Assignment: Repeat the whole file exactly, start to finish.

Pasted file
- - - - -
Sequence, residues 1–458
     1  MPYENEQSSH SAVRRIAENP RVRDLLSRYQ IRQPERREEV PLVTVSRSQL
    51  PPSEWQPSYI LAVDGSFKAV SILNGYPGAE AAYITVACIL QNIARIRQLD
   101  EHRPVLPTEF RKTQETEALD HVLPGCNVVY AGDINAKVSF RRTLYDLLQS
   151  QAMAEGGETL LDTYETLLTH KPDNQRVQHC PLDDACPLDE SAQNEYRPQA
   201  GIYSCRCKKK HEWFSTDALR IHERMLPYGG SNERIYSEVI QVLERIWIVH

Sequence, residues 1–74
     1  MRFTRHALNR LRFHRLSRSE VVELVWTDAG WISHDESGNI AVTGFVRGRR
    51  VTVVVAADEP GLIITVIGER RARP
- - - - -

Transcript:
Sequence, residues 1–458
     1  MPYENEQSSH SAVRRIAENP RVRDLLSRYQ IRQPERREEV PLVTVSRSQL
    51  PPSEWQPSYI LAVDGSFKAV SILNGYPGAE AAYITVACIL QNIARIRQLD
   101  EHRPVLPTEF RKTQETEALD HVLPGCNVVY AGDINAKVSF RRTLYDLLQS
   151  QAMAEGGETL LDTYETLLTH KPDNQRVQHC PLDDACPLDE SAQNEYRPQA
   201  GIYSCRCKKK HEWFSTDALR IHERMLPYGG SNERIYSEVI QVLERIWIVH

Sequence, residues 1–74
     1  MRFTRHALNR LRFHRLSRSE VVELVWTDAG WISHDESGNI AVTGFVRGRR
    51  VTVVVAADEP GLIITVIGER RARP